When Fernando Alonso agreed his deal to return to Formula 1 with Renault next year, he was telling the team to forget about 2021 and focus everything on 2022.
The two-time world champion had bigger ambitions than a season of treading water in the midfield before what was meant to be the ‘proper’ assault with new technical rules in 2022.
“Fernando is like a big shark. As soon as he starts to feel the blood he wants to attack. I see our shark is very hungry” :: Cyril Abiteboul
Now Alonso’s getting behind the wheel of Renault’s 2020 F1 car on Tuesday at Barcelona, and as his comeback is crystallising ever more, things are changing.
Renault’s the form team in F1’s Class B. It has the third-fastest car in F1. It finally has the first podium finish of its modern incarnation.
Alonso was always likely to get behind the wheel before the end of this year to maximise his preparation for 2021. Now he seems to be doing so with more relish.
“You would be impressed to measure his level of interest,” said Renault F1 boss Cyril Abiteboul last Sunday at the Nurburgring, after Daniel Ricciardo finished third and Abiteboul was asked if Alonso had been in touch.
“I think that when he initially joined the team, and in his communication when we announced him, it was very much about 2022.
“The more the season is going and with the team’s progression, the car progression, the more he starts to be interested in 2021.
“Fernando is like a big shark. As soon as he starts to feel the blood he wants to attack. That’s what I see. I see our shark is very hungry.”
A lot has changed since Alonso signed on the dotted line. Even the team he’ll race for. Out with Renault, in with Alpine as the manufacturer rebrands its works team in the image of its niche performance sub-brand.
A fresh name, a fresh start, with none of the baggage of Renault’s years of underachievement but buoyed by the momentum of what is proving to be a very good year.
Meet the new Renault. Very much not the same as the old one. The Alpine part may not have been exactly how Abiteboul and his colleagues envisioned the next phase of this team’s existence, but it changes nothing in terms of its goals on-track and the role Alonso will play within that.
When announcing Alonso back in July, Abiteboul said Renault was “on a mission”. He talked about lengthy conversations between Alonso and various senior Renault personnel to buy into the project with 2022 as the target.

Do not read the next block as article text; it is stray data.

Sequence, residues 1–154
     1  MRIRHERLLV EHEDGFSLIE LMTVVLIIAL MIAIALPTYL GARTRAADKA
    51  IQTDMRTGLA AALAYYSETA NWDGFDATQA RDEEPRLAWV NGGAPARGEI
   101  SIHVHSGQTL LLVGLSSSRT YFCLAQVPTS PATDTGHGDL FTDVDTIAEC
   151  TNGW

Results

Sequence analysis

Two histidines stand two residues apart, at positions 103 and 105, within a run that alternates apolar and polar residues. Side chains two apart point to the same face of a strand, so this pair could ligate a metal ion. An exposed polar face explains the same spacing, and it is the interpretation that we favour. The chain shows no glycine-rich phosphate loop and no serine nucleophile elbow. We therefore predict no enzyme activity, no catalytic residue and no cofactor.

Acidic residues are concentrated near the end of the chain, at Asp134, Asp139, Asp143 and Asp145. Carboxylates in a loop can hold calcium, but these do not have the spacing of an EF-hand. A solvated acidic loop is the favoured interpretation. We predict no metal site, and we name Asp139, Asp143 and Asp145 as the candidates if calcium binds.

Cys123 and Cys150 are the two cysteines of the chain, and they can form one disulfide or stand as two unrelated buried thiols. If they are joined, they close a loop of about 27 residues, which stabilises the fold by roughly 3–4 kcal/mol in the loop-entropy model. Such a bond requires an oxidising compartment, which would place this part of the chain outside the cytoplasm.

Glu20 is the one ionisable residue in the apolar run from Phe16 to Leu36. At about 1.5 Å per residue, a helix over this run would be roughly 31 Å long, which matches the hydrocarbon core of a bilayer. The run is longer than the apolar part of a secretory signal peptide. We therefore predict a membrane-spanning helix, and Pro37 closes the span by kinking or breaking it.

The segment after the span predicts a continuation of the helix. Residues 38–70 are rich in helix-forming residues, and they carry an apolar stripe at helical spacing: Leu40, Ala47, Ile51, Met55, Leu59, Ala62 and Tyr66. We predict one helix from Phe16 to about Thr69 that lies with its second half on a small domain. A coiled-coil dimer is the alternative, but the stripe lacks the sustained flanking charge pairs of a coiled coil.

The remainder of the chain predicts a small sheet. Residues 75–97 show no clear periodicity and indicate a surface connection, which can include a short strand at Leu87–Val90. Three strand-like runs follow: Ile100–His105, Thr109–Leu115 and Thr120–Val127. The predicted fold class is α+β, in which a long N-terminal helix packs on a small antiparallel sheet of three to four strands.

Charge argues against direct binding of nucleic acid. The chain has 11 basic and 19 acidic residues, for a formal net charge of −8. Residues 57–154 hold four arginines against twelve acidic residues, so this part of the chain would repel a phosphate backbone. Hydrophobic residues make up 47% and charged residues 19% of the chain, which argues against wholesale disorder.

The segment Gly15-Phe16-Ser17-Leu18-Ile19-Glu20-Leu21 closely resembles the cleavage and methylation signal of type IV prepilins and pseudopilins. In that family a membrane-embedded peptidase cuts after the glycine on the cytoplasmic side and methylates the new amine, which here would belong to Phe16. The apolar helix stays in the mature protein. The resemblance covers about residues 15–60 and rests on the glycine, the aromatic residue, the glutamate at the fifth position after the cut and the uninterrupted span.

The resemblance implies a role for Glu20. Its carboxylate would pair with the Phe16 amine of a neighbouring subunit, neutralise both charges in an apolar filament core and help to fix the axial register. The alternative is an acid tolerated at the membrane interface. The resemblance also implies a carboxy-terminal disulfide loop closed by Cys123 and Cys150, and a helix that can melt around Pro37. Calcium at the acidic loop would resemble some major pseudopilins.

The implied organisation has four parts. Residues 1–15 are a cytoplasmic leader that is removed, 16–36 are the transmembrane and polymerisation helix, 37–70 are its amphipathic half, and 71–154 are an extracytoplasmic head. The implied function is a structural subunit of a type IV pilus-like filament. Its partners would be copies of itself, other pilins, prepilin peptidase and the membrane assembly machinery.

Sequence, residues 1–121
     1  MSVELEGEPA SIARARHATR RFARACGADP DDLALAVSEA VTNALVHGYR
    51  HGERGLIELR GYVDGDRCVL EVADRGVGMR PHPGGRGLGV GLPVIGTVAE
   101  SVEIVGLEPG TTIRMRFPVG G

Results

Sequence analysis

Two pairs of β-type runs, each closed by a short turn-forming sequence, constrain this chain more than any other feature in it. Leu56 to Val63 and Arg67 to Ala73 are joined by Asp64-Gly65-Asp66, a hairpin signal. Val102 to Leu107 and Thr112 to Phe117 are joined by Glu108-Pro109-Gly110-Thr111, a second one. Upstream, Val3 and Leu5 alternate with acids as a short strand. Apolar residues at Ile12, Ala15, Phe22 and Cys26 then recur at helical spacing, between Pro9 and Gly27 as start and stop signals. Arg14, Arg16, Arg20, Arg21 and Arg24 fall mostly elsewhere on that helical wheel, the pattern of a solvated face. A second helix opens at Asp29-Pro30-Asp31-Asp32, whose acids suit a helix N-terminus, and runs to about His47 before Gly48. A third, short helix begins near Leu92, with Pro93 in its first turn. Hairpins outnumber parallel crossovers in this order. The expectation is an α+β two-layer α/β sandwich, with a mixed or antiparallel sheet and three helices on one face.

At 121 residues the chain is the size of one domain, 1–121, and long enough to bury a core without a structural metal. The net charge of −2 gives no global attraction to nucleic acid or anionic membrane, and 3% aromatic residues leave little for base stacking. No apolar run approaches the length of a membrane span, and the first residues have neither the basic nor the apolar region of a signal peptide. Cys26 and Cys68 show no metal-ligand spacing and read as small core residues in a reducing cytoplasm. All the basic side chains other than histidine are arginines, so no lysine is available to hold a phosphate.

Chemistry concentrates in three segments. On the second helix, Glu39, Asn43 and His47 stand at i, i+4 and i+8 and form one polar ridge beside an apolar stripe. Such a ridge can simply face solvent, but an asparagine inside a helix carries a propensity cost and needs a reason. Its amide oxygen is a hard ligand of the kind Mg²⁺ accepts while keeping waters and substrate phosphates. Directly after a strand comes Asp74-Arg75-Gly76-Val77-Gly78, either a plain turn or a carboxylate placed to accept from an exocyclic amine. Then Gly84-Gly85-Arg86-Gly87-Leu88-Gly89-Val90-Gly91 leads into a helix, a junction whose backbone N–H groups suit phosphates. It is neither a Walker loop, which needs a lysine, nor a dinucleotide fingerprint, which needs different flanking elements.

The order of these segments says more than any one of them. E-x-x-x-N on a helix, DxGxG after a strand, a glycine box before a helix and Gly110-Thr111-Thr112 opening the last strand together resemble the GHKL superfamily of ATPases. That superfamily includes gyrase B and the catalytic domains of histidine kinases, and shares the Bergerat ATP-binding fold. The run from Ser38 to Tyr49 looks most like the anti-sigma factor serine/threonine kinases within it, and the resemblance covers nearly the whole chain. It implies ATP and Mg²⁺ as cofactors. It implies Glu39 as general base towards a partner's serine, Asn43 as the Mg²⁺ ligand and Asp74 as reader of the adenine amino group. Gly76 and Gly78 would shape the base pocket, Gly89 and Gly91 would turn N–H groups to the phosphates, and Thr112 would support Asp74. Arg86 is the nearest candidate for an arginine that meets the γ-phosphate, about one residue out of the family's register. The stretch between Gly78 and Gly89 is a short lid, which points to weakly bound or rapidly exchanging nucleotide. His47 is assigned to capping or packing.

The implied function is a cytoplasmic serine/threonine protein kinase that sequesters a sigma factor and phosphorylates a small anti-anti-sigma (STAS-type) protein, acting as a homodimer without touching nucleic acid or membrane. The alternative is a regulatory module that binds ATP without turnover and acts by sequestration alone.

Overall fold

“We have clear ambition, clear expectation,” Abiteboul said. “We like the shape that things are taking for the team.”
Alonso’s first role in Renault’s masterplan was to motivate the staff. Simply joining the team achieved that.
Ricciardo’s decision to leave at the end of the season, a decision made before a wheel had been turned in anger this year, had hurt Abiteboul. Renault acknowledged it underperformed in 2019 but it felt Ricciardo should have given it more time.
A difficult Austrian Grand Prix after a talked-up winter reinforced a feeling of deja vu – Renault just not living up to Abiteboul’s hype.
But he and others, including Ricciardo, were buoyed by the team’s Red Bull Ring form because it was never a Renault stronghold and even though it was a muted Class B contender Renault still scored its best result there yet.
Alonso’s announcement the week after was a welcome shot in the arm, and confidence in the project began to grow.
But a driver like Alonso is more than just a marketing or motivational tool. He has to be.
Renault’s original hope was that it would draw on his experience to identify weak points in its organisation – “to be exposed to who he is, his culture of performance and the winning culture”, said Abiteboul.
“We will clearly try to take opportunity of what he can bring to the team.”
The question has been whether Renault is the right place for Alonso. Is it actually ready for a driver of his calibre, especially when Ricciardo decided so quickly to get out and move sideways to McLaren?
Not based on Renault’s original timeline. It wanted to be fighting for a title by 2020 not scoring its first podium. That version of Renault – under pressure and underachieving – would be a bad fit with the Alonso that F1 got to know so well before he left in 2018.
But Abiteboul admitted that the original plan was “too ambitious”. The Renault that Alonso’s joining had taken the time to improve its infrastructure, recruit people, replace people. And it has a solid future.
Renault had fresh commitment early in the summer, then signed up to the new Concorde Agreement swiftly in August. OK, the Alpine rebrand could hint at Renault wanting to find a different way to justify its involvement in F1, and a cynic may think it is a good way to make withdrawing the works team easier in the coming years.
But Renault says this is a serious project and Abiteboul indicated earlier this year that the assurances received from new company chief Luca de Meo was actually the clearest commitment the F1 team had been given yet.
So, by the time Alonso was making his factory debut (or should that be return?) last month Renault’s future was already looking promising, even under a different name.
“We know that Formula 1 is brutal, we know that in the comments we are receiving when we are on the back of negative performances” :: Cyril Abiteboul
Maybe it is still drinking in the last-chance saloon after the false dawn of 2018 and the slump that followed. Alonso’s unlikely to give the team much patience if it falters again.
But Abiteboul insisted he felt “more confident than ever” – the talks between Alonso and senior management found common ground, “familiarity between his way of thinking and our way of thinking”.